A Cyclopædia of the Condition and Earnings
THOSE THAT WILL WORK
THOSE THAT CANNOT WORK, AND
THOSE THAT WILL NOT WORK
London Labour and the London Poor is a work of Victorian journalism by Henry Mayhew. In the 1840s he observed, documented, and described the state of working people in London for a series of articles in a newspaper, the Morning Chronicle, that were later compiled into book form.
Mayhew went into deep, almost pedantic detail concerning the trades, habits, religion, and domestic arrangements of the thousands of people working the streets of the city. Much of the material comprises detailed interviews in which people candidly describe their lives and work. For instance, Jack Black talks about his job as "rat and mole destroyer to Her Majesty", remaining in good humour despite his experience of a succession of near-fatal infections from bites.
Beyond this anecdotal material, Mayhew's articles are particularly notable for attempting to justify numerical estimates with other information, such as census data and police statistics. Thus if the assertion is made that 8,000 of a particular type of trader operate in the streets, Mayhew compares this to the total number of miles of street in the city, with an estimate of how many traders operate per mile.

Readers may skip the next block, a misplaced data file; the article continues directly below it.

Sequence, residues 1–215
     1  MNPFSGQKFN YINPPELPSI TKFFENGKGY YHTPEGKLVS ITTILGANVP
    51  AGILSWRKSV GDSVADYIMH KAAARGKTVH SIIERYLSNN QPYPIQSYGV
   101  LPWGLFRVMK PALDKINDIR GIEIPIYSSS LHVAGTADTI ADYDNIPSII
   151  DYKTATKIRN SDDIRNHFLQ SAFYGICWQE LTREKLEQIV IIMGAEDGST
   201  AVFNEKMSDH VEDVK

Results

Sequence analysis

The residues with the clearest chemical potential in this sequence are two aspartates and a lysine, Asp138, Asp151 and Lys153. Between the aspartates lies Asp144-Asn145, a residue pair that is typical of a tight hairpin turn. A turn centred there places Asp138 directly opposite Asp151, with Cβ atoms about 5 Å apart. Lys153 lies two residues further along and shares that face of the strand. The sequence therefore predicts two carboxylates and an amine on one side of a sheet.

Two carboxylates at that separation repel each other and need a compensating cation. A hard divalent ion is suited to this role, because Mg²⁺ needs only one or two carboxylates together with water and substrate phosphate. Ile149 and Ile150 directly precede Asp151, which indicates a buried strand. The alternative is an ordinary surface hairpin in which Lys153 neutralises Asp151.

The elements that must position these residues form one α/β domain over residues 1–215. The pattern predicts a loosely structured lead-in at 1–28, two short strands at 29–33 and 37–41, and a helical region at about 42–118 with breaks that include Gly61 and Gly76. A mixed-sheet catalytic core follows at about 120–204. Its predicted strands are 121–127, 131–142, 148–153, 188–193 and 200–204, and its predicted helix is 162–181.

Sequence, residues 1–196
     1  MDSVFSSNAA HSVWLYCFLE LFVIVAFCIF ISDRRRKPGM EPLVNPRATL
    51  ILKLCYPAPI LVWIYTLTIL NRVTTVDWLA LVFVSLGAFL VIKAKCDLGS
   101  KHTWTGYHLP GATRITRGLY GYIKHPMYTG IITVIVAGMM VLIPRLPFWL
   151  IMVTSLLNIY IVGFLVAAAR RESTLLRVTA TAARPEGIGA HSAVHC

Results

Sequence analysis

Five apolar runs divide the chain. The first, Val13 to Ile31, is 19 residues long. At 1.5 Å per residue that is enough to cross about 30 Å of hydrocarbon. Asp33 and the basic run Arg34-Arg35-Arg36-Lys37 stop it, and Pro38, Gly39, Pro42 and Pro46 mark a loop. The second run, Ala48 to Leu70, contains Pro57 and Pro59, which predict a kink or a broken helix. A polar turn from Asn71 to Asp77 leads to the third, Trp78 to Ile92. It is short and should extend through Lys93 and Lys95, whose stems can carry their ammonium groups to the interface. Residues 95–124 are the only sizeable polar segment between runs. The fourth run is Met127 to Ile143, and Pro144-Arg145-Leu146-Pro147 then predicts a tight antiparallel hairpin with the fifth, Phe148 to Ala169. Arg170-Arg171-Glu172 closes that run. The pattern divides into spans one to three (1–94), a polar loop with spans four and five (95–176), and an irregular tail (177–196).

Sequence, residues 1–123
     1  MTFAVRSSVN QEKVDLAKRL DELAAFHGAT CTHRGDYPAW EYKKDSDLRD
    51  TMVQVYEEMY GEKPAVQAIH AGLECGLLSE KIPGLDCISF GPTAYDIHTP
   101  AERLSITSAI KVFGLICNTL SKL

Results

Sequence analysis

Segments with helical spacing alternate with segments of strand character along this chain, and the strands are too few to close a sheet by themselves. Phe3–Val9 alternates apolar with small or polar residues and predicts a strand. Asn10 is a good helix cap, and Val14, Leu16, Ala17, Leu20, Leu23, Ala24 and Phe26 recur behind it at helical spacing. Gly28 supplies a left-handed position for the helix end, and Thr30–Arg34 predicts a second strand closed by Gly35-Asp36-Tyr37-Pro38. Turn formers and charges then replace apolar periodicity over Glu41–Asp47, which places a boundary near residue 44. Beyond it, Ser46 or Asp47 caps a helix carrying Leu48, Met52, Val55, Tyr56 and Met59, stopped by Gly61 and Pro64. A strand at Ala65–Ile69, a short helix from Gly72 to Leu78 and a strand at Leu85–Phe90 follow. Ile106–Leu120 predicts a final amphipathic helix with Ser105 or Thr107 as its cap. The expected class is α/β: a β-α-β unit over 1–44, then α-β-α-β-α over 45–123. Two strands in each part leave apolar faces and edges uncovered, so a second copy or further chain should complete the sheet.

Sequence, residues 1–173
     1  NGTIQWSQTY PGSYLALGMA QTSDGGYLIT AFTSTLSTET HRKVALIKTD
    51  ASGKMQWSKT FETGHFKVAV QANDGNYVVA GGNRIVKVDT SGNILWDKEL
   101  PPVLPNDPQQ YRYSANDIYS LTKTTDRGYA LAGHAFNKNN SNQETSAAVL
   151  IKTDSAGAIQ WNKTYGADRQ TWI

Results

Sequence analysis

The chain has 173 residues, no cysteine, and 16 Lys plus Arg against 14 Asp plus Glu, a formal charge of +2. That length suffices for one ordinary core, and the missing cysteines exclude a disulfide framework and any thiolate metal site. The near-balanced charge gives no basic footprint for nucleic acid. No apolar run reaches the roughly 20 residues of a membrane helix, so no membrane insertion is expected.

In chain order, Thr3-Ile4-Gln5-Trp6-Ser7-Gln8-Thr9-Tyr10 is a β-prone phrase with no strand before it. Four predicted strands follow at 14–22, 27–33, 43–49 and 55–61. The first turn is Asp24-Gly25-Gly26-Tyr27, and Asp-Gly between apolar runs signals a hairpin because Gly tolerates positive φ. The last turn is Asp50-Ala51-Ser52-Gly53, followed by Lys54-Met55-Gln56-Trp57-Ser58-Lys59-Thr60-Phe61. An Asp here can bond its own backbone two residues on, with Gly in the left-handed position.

The articles were collected and published in three volumes in 1851. A fourth "Extra Volume", published in 1861, was co-written with Bracebridge Hemyng, John Binny, and Andrew Halliday, covered the lives of streetwalkers, thieves, and beggars, though it departed from the interview format to take a more general and statistical approach to its subject.
Poet Philip Larkin used an extract from London Labour and the London Poor as the epigraph for his poem "Deceptions". The extract details a rape: "Of course I was drugged, and so heavily I did not regain consciousness until the next morning. I was horrified to discover that I had been ruined, and for some days I was inconsolable, and cried like a child to be killed or sent back to my aunt."
In the early 1950s, Punch published a series of articles based upon and to some extent parodying London Labour and the London Poor. Although these articles were humorous, their purpose was still to document and describe the lives of working people in London. In 1953 the articles, which were written by Alex Atkinson and illustrated by Ronald Searle were published in a single volume under the title The Big City or the New Mayhew.